I'm not trying to judge because I believe everyone is entitled to their own opinion, but it doesn't mean you have to bare your complaints for the whole world to see ( pun intended) so as to criticize the schools problems, if any for that matter, at best.... let the next teachers sort it out for themselves, regardless of the outcomes; its all about living, and you haven't lived if you haven't experienced it for yourself, and if they don't like it, then they can go home, they can't force you to stay.


    But anyways, getting back to the american I met on the streets, I explained to him about the school and my hours, and he thought that was really good, he was actually quite surprised that I had really good hours, it made his view on the place seem different and thats all it takes. It takes one person to get the message out that if its heard first hand, then it doesn't seem so bad after all.


    After I finished speaking with him, I walked for about an extra 15 minutes and I hit the hoamji reservoir, it was quite beautiful as expected of any reservoir but I was still content on looking for the Chungju lake but it was getting late, I had spent so much time trying to find the place that I needed to get back home. Getting back was a mission in itself and yes I'm still blaming that DREADFUL map, completely and utterly useless, I actually had to stop and ask someone where to get back to my apartment, she pointed out that I was in one certain area and that my apartment was right on the other side of town, I was like, "huh, how the heck did I get so far away," so I ended up doing the long trek home making sure I stuck to the map as best as I could and within an hour I was home. 


    You can't believe how glad it was for me to be able to sit down, within ten minutes of me sitting down, Meg and her family all showed up, they brought me food, and asked if there were any problems with my apartment, I told her that there are cockroaches, but I thought," there okay, I'm not really that affected by them", and Mr Jung said he will be getting an exterminator in and then he was able to make the T.V. work so yay...I HAVE T.V....sadly...its all in Korean though.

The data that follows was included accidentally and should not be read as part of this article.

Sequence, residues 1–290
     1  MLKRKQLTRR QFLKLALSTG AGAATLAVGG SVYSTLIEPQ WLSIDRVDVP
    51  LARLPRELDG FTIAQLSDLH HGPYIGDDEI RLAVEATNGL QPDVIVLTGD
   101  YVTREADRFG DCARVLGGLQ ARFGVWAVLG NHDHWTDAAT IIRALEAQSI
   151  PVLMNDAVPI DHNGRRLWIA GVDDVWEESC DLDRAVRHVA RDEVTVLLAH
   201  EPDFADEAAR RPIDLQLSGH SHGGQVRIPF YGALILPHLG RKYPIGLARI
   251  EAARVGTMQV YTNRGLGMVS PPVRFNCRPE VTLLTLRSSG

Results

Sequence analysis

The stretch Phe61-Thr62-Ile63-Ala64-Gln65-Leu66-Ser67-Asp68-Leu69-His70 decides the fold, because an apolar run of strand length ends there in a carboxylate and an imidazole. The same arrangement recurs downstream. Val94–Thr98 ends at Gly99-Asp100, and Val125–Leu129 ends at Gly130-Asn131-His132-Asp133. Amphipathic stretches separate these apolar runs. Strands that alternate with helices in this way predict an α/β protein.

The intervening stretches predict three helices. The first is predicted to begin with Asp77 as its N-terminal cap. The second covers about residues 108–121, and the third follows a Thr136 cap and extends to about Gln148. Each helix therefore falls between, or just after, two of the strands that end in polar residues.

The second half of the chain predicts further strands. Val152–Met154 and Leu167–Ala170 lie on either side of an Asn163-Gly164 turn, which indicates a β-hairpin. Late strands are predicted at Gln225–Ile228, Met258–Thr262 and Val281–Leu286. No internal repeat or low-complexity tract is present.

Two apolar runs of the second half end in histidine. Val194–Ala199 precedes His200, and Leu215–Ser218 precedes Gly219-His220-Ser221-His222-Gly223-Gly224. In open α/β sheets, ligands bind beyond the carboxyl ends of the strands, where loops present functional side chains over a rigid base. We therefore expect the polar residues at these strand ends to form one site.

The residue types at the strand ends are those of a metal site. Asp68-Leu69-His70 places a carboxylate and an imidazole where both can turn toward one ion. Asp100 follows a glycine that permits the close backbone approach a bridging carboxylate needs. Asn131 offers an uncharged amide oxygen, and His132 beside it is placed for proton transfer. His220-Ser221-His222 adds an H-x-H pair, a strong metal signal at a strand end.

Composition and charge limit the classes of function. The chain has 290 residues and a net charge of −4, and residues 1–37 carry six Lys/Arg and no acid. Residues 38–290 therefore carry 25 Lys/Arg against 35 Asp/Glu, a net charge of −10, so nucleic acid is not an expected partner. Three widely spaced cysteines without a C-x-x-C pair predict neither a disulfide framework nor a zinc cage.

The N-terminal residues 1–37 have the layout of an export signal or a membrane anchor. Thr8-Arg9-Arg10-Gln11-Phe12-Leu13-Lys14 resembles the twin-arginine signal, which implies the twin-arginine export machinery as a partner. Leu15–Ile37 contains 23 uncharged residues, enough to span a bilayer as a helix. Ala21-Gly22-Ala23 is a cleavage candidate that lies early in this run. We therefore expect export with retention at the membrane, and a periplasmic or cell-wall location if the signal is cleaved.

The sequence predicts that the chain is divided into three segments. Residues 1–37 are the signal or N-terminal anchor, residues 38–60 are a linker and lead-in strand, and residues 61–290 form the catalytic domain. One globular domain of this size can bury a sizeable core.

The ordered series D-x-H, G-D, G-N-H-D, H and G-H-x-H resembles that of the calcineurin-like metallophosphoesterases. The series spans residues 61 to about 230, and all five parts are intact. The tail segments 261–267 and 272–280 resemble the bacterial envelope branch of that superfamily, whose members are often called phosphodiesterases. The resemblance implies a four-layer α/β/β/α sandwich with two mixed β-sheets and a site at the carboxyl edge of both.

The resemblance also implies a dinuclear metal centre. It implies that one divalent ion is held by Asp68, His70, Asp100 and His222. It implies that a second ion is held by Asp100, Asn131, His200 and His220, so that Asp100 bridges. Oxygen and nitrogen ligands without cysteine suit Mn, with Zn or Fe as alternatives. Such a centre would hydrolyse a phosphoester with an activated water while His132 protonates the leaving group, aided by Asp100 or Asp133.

Then Meg wanted to have a sit down conversation in relation to the web posting, she was surprised I had found out about the posting but still decided to come, she didn't understand why I would want to come after so many horrible things were said about the place. I just told her that it was only one post and its the opinion of a few people and I'm completely different in comparison to them, I came here expecting it to be hard but also came with an open mind, and people act differently towards different people. I expected that I am a guest in another country, therefore, I should respect everything in relation to that country and I feel its not what I expected, I'm actually having fun and getting along with everyone, sure, it will probably get harder the longer I'm away from my family, but there only a phone call away and I love my country, and I want to represent the country I hold so dare to my heart at the highest level and would like to promote more kiwis to come to Korea, especially Chungju.